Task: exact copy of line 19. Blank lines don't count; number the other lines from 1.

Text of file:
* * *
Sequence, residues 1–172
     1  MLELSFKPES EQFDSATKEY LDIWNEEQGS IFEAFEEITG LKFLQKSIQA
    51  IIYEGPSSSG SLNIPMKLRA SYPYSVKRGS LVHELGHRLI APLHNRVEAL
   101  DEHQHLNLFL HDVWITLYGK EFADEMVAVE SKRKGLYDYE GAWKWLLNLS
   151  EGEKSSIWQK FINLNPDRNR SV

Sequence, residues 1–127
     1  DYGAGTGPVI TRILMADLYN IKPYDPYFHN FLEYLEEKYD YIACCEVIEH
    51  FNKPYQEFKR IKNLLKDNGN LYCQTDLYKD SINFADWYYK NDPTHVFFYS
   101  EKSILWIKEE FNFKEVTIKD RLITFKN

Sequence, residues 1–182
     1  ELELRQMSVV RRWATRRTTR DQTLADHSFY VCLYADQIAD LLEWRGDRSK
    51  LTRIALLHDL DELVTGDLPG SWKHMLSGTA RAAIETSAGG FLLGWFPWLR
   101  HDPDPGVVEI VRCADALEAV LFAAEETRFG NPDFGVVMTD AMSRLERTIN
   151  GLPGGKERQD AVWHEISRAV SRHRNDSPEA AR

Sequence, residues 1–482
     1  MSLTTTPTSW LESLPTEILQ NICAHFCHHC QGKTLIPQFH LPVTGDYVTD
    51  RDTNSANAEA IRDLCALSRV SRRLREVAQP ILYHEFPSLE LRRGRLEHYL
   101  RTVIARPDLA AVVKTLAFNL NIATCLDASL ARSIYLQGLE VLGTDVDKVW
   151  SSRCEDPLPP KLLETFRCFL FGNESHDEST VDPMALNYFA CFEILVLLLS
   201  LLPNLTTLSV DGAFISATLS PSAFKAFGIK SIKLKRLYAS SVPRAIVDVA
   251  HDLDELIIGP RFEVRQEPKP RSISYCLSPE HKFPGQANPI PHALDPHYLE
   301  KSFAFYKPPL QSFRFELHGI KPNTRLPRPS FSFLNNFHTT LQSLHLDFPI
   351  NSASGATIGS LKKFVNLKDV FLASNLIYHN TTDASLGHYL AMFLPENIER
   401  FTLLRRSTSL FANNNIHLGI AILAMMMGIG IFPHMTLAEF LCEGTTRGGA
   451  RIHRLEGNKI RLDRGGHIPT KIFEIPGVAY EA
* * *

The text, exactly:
   151  SSRCEDPLPP KLLETFRCFL FGNESHDEST VDPMALNYFA CFEILVLLLS